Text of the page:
- But New Study Provides Hope in the Quest to Help Dogs Live Longer
VANCOUVER, July 30 /CNW/ - Recently released global research shows that
over 50% of dog owners are unaware that their dog may be at risk of heart
failure. Heart disease affects one in four dogs over seven years of age(1),
yet the lack of knowledge about this serious, life-threatening condition calls
for better education amongst dog owners on how to recognise the disease, and
how to maintain their dogs' heart health.
These statistics indicate a critical need to raise general awareness
about congestive heart failure in dogs. If more dog owners are aware of the
disease and the signs to look out for in their pet, heart failure could be
detected and treated at an earlier stage, allowing for timely management and
a potentially longer and more comfortable life for their dog.
New data were also presented at the 29th World Veterinary Congress that
show that dogs with congestive heart failure (CHF) that is due to a
condition called myxomatous mitral valve disease (MMVD) live longer when
treated with pimobendan (Vetmedin(R)) compared with a commonly used ACE
inhibitor(3). The results of the QUEST trial, the largest international study
of its kind to be conducted amongst dogs with congestive heart failure, are
due to be published in the Journal of Veterinary Internal Medicine (JVIM)
later this year.
The condition myxomatous mitral valve disease (MMVD) accounts for
approximately 75% of all cases of CHF in dogs(2). MMVD is associated with
the thickening of the cusps of the mitral valve (one of the main one-way
valves within the heart), affecting the flow of blood from the heart to the
rest of the body. Although there is no cure for CHF due to MMVD, there are
treatments available to manage the condition, improving the quality and length
of the dog's life(2).
Professor Jens Haggstrom, lead investigator of the QUEST trial from the
University of Uppsala, Sweden, commented that, "The QUEST trial is a
significant milestone in our efforts to reassure both veterinarians and dog
owners, that there is compelling evidence to show that pimobendan is an
effective treatment for CHF that prolongs their dog's life and provides the
pet and owner with more quality time together."
The QUEST trial was a randomised, positive-controlled, multi-centre
trial conducted at 28 sites across 11 countries, and is the largest study of
its kind ever conducted in veterinary cardiology. The study compared a
pimobendan group with a group treated with benazepril hydrochloride on top of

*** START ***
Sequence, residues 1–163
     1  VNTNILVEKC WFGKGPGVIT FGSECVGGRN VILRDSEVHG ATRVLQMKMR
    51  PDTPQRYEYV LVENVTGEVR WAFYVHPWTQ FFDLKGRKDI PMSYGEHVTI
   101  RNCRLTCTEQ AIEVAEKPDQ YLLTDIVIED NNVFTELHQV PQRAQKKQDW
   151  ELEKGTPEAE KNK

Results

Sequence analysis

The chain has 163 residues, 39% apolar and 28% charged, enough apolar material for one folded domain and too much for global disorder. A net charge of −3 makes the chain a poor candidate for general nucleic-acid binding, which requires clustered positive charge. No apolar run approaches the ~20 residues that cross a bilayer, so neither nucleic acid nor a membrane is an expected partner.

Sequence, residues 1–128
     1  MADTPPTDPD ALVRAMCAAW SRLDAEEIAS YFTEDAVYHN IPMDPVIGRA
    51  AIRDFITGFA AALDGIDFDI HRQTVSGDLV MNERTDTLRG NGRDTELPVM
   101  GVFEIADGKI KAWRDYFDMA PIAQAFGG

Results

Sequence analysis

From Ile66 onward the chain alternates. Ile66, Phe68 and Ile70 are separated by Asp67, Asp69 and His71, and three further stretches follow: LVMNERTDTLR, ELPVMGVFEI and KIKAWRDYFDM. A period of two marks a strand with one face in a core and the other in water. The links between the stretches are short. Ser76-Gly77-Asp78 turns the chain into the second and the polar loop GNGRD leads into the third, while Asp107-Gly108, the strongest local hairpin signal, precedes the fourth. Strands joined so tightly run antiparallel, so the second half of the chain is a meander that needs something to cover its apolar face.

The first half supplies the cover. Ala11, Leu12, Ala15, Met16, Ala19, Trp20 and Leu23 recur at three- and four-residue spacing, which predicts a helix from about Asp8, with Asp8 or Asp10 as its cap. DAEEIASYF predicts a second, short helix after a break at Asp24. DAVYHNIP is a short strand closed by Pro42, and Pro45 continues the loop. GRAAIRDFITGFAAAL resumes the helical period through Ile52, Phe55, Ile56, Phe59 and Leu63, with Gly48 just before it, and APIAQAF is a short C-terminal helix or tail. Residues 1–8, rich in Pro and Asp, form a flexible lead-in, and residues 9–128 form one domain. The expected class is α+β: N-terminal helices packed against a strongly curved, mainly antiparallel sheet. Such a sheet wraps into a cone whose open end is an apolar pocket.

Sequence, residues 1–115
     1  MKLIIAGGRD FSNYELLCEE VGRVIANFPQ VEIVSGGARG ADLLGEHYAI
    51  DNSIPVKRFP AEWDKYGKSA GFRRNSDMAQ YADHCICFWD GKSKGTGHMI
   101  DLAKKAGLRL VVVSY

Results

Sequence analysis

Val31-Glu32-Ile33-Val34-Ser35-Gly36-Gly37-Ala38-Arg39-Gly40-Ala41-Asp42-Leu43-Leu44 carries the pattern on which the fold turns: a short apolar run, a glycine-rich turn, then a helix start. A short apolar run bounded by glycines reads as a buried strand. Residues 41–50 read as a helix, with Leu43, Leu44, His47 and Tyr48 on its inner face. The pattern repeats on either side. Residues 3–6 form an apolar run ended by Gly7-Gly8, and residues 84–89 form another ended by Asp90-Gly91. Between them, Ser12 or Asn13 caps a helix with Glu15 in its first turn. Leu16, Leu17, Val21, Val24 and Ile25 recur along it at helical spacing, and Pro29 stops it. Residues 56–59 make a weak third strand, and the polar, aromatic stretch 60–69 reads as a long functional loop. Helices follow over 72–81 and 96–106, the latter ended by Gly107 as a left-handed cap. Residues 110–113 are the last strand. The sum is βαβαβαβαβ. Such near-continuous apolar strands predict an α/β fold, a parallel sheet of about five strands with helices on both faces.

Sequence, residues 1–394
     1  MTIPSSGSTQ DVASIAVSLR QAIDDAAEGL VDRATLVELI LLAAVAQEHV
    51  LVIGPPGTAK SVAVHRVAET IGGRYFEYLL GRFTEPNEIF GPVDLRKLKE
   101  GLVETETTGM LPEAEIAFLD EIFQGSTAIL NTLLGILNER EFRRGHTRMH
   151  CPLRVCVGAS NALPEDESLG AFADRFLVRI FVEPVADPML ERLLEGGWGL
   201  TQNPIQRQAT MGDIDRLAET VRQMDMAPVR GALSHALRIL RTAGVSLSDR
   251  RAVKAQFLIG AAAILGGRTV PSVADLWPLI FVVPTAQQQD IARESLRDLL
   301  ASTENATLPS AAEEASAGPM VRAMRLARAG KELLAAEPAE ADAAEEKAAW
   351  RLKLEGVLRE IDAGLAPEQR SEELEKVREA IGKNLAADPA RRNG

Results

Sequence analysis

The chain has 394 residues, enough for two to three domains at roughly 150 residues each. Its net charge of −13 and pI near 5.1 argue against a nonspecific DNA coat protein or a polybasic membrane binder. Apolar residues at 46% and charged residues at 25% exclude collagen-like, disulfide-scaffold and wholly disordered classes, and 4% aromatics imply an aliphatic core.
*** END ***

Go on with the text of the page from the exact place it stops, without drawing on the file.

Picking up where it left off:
background diuretic therapy. The trial spanned three years and followed dogs
to death, euthanasia or treatment failure leading to withdrawal from the
Boehringer Ingelheim Animal Health and Boehringer Ingelheim Vetmedica
belong to the Boehringer Ingelheim group of companies. The Boehringer
Ingelheim group is one of the world's 20 leading pharmaceutical companies.
Headquartered in Ingelheim, Germany, it operates globally with 135
affiliates in 47 countries and 39,800 employees. Since it was founded in 1885,
the family-owned company has been committed to researching, developing,
manufacturing and marketing novel products of high therapeutic value for
human and veterinary medicine.
In 2007, Boehringer Ingelheim posted net sales of almost 11 billion euro
while spending one fifth of net sales in its largest business segment
Prescription Medicines on research and development.
The animal health business is conducted in more than 20 countries
including USA, Canada, France, Germany, UK, Italy, Spain, Mexico, the Nordic
countries Japan and China. Since 1955, Boehringer Ingelheim Animal Health is
contributing to an adequate supply of safe, nutritious food and is promoting
the emotional and physical benefits arising from the human-animal bond.
For more information please visit http://www.boehringer-ingelheim.com
Notes to Editors
About the survey
The survey was conducted in May 2008, amongst 1,531 dog owners in
Australia, Canada, France, Germany, UK and US.
- 80% of respondents described their dog as 'part of the family'
- 81% of respondents follow the advice they receive from their vet
- 49% of respondents did not think they had a 'good' understanding of
the diseases/conditions to which their dog may be susceptible
Please be advised
This release is from Boehringer Ingelheim Corporate Headquarters in
Germany. Please be aware that there may be national differences between
countries regarding specific medical information, including licensed uses.
Please take account of this when referring to the information provided in
this document. This press release is not intended for distribution within
1) Evans T, Johnson C, Wernham J. Cardiovascular Insight: A global study
of category prospects. Wood Mackenzie. July 2007.
2) Haggstrom J, Kvart C and Pedersen H. "Acquired valvular heart
disease" in Ettinger SJ, Feldman EC (Eds). Textbook of veterinary
internal medicine: diseases of the dog and cat. 2005 (6th edition).
3) Haggstrom J, Boswood A, O'Grady M, et al. Effect of pimobendan on
survival in dogs with congestive heart failure due to myxomatous
mitral valve disease. Abstract presented at the American College of
Veterinary Internal Medicine 2008 congress, June 4-7, San Antonio,
Canine cardiology experts in the following countries are available for
comment. For country-specific information please contact:
Delta Media Inc.
Petra von der Lage
Red Door Communications
Head Science & Technology Communications
Boehringer Ingelheim GmbH
For further information:
For further information: Julia Meyer-Kleinmann, Head Science &
Technology Communications, Boehringer Ingelheim, GmbH 55216 Ingelheim/Germany,
Phone: +49-6132-77-8271, Fax: +49-6132-77-7077, E-mail: